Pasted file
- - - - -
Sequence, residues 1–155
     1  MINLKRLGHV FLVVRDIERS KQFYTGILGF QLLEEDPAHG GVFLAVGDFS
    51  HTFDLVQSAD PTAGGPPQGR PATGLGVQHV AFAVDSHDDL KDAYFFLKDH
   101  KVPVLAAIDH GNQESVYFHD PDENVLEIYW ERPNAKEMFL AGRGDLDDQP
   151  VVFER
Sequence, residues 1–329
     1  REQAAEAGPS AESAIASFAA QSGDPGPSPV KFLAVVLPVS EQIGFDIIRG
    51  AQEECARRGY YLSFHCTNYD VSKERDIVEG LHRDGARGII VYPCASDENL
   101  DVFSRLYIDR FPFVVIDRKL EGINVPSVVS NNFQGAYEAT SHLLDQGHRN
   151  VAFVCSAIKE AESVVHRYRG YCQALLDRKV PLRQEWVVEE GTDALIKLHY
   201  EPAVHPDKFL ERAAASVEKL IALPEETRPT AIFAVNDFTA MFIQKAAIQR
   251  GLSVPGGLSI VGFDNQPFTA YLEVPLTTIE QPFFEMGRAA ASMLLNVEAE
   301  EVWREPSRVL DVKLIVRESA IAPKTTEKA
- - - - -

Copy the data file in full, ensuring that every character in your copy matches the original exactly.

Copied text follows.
Sequence, residues 1–155
     1  MINLKRLGHV FLVVRDIERS KQFYTGILGF QLLEEDPAHG GVFLAVGDFS
    51  HTFDLVQSAD PTAGGPPQGR PATGLGVQHV AFAVDSHDDL KDAYFFLKDH
   101  KVPVLAAIDH GNQESVYFHD PDENVLEIYW ERPNAKEMFL AGRGDLDDQP
   151  VVFER
Sequence, residues 1–329
     1  REQAAEAGPS AESAIASFAA QSGDPGPSPV KFLAVVLPVS EQIGFDIIRG
    51  AQEECARRGY YLSFHCTNYD VSKERDIVEG LHRDGARGII VYPCASDENL
   101  DVFSRLYIDR FPFVVIDRKL EGINVPSVVS NNFQGAYEAT SHLLDQGHRN
   151  VAFVCSAIKE AESVVHRYRG YCQALLDRKV PLRQEWVVEE GTDALIKLHY
   201  EPAVHPDKFL ERAAASVEKL IALPEETRPT AIFAVNDFTA MFIQKAAIQR
   251  GLSVPGGLSI VGFDNQPFTA YLEVPLTTIE QPFFEMGRAA ASMLLNVEAE
   301  EVWREPSRVL DVKLIVRESA IAPKTTEKA